Printz started his drug store in 1888 and closed it in 1894. After his time in Hancock, he moved to Astoria, Oregon (15), where, in Nov 1894, he was one of the incorporators of the Printz-Crain Drug Company (16). He then moved to San Fransisco and was licensed by the California Board of Pharmacy in Oct 1895 (6). He continued to be a druggist in San Francisco, but then died on 07 Jan 1900, with the cause being listed as suicide by hydrocyanic acid poisoning (7).

References

  1. Michigan, U.S., Births and Christenings Index, 1867-1911 (accessed on ancestry.com).
  2. anonymous. (1888, Nov 15). Hancock Happenings. Portage Lake Mining Gazette (Houghton, MI). p. 3.
  3. R. L. Polk & Co. 1891. Michigan State Gazetteer and Business Directory 1891-92. R. L. Polk & Co. Detroit, MI.
  4. R. L. Polk & Co. 1893. Michigan State Gazetteer and Business Directory 1893-94. R. L. Polk & Co. Detroit, MI.
  5. Holmio, A. K. 2001. History of Finns in Michigan. Wayne State University Press. Detroit, MI.
  6. anonymous. 1895. The California Board of Pharmacy. American Druggist and Pharmaceutical Record 27: 304.
  7. California Department of Public Health, courtesy of www.vitalsearch-worldwide.com. Digital Images. (accessed on ancestry.com)
  8. R. L. Polk & Co. 1895. Houghton County Directory 1895-96. R. L. Polk & Co., Publishers. Detroit, MI.
  9. anonymous. (1891, Sep 17). untitled. Michigan Copper Journal (Hancock, MI). p. 2.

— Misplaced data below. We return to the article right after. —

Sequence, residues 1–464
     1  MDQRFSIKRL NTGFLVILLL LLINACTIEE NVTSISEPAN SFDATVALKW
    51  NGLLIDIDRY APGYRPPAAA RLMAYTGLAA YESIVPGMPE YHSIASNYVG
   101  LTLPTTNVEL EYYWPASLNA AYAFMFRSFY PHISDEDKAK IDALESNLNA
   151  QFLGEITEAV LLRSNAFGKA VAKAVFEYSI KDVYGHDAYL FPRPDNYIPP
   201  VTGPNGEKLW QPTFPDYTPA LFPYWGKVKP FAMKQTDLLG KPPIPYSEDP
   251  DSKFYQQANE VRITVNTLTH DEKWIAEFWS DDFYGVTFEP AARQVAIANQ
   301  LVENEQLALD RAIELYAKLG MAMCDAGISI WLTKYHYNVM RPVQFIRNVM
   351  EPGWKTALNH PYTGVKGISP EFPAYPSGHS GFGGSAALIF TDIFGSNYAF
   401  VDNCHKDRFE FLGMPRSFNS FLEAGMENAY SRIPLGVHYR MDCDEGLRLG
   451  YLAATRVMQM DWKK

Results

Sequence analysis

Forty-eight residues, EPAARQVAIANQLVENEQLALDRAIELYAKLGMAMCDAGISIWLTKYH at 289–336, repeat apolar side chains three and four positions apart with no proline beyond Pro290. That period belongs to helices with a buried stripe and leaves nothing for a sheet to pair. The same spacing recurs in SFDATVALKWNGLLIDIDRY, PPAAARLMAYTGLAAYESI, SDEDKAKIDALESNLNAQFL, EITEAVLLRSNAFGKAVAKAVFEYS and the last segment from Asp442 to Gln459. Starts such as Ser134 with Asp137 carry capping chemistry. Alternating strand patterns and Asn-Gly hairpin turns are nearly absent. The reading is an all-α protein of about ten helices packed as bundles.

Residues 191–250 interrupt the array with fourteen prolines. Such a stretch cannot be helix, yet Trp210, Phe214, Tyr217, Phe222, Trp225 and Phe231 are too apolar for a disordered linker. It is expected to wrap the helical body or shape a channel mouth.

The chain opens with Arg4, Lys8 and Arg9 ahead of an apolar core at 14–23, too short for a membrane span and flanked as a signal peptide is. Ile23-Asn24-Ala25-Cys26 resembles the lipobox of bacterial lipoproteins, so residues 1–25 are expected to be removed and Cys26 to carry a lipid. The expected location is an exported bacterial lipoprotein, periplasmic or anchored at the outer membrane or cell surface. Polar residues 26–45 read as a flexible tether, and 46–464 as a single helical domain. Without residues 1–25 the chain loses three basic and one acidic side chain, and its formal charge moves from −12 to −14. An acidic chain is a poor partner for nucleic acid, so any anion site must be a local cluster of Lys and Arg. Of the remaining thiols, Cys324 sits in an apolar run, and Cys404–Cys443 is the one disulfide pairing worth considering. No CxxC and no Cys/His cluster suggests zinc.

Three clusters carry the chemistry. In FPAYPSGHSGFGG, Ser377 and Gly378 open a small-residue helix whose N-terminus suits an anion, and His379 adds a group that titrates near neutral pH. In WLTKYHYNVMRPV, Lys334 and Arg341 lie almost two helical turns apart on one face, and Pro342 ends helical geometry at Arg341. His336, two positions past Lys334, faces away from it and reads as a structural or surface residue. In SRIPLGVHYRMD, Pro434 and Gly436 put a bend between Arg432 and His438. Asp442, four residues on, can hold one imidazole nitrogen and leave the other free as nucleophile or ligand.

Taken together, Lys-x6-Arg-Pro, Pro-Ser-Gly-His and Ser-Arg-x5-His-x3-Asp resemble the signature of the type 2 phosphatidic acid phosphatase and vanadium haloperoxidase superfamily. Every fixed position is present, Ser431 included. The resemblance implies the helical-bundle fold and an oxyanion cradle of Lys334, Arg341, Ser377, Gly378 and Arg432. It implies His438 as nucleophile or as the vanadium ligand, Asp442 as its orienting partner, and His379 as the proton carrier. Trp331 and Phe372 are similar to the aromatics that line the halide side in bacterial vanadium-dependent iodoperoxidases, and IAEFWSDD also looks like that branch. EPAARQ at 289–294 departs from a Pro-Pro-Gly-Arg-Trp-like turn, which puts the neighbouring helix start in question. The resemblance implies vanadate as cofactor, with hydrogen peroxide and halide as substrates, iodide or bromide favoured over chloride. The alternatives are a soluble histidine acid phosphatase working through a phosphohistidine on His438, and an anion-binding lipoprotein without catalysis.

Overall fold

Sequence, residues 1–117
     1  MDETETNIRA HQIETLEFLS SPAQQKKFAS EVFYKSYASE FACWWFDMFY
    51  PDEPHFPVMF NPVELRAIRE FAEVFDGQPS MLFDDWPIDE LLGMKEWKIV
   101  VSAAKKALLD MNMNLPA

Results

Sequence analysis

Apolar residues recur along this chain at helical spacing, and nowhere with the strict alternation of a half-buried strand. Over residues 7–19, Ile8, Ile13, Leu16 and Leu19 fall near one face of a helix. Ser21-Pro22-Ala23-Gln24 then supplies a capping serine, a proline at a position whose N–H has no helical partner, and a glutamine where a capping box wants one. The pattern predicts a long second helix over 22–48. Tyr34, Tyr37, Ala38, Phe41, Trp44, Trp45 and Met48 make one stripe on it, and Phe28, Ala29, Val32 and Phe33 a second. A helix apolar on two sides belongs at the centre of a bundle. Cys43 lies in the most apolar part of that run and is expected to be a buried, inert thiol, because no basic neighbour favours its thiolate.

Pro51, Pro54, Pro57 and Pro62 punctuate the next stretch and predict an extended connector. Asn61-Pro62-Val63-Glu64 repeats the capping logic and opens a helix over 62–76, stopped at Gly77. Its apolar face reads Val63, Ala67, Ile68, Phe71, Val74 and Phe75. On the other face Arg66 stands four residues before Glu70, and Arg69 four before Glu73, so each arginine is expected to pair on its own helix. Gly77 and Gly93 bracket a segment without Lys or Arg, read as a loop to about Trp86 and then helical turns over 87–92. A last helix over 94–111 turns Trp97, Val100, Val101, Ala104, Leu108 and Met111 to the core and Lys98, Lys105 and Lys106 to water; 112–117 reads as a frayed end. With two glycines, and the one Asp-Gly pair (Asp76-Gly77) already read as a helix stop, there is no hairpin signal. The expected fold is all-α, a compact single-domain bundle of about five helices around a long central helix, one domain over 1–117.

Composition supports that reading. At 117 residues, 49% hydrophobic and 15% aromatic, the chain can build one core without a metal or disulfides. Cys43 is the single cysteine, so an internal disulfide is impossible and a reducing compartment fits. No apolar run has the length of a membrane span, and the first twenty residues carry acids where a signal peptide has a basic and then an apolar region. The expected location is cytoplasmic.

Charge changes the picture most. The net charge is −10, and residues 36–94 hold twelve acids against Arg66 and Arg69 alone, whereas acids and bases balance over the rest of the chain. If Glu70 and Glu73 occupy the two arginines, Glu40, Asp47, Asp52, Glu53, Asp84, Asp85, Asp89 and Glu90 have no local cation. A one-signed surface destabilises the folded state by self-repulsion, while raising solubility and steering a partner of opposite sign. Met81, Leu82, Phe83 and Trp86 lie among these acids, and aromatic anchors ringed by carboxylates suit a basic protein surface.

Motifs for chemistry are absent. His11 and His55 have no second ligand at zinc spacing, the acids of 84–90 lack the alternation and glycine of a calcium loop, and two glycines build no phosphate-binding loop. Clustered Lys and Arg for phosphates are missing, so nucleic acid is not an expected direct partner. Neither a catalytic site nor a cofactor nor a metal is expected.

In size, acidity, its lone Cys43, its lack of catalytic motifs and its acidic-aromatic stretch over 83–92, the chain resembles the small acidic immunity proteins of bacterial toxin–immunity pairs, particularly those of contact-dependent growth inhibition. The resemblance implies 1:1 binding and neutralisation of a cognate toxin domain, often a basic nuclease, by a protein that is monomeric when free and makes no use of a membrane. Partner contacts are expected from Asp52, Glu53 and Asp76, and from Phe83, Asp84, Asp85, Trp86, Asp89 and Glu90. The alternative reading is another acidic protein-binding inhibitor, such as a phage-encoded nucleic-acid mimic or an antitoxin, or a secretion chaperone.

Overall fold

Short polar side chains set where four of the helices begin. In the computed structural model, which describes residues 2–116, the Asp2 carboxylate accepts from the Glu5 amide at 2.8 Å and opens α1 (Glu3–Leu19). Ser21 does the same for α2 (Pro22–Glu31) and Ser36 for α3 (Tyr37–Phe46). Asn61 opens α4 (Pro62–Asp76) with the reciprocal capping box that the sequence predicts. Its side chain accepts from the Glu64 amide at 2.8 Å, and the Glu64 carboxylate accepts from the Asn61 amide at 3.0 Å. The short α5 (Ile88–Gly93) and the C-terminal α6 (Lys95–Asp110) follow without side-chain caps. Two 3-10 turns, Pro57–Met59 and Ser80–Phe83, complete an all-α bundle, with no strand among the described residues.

10. anonymous. (1891, Dec 17). Of Particular Interest to the Inhabitants of Hancock and Houghton and the City at Large. Michigan Copper Journal (Hancock, MI). p. 1.
  11. anonymous. (1891, Dec 17). Carl G. Printz's. Michigan Copper Journal (Hancock, MI). p. 1 (supplement)
  12. anonymous. (1891, Dec 24). untitled. Michigan Copper Journal (Hancock, MI). p. 1.
  13. anonymous. (1892, Jan 01). Of Particular Interest to the Inhabitants of Hancock and Houghton and the City at Large. Michigan Copper Journal (Hancock, MI). p. 1.
  14. anonymous. (1892, Oct 06). untitled. Michigan Copper Journal (Hancock, MI). p. 1.
  15. anonymous. (1894, Nov 1). Detroit. The Pharmaceutical Era. D. O. Haynes & Co., Publishers, NY.
  16. anonymous. (1894, Nov 7). New Incorporators. Paint, Oil and Drug Review 18(19): 11.
  17. anonymous. (1891, Dec 03). Of Particular Interest to the Inhabitants of Hancock and Houghton and the City at Large. Michigan Copper Journal (Hancock, MI). p. 1.
  18. anonymous. (1892, May 19). untitled. Michigan Copper Journal (Hancock, MI). p. 1.
  19. anonymous. (1892, Jun 30). untitled. Michigan Copper Journal (Hancock, MI). p. 1.
  20. anonymous. (1891, Apr 03). untitled. The Calumet and Red Jacket News (Calumet, MI). p. 3.
  21. anonymous. (1893, Jul 12). Printz' Drug Store Closed. Semi-Weekly Copper Journal (Hancock, MI). p. 3.
  22. anonymous. (1893, Aug 02). Personal. Semi-Weekly Copper Journal (Hancock, MI). p. 3.
  23. anonymous. (1888, Nov 22). Hancock Happenings. Portage Lake Mining Gazette (Houghton, MI). p. 3.
  24. anonymous. (1898, Dec 17). untitled. The Copper Country Evening News (Calumet, MI). p. 5.

4
Carl G. Printz bottle
2 oz
color: colorless
top: cork top - tooled
base outline: base shape E
date: 1889-1894
capacity - H x W - base mark - rarity:
2 oz. - 10.6 x 4.1 cm - PAT D MAY 15. 1888 / D. F. & D. - extremely rare
  • capacity not marked on bottle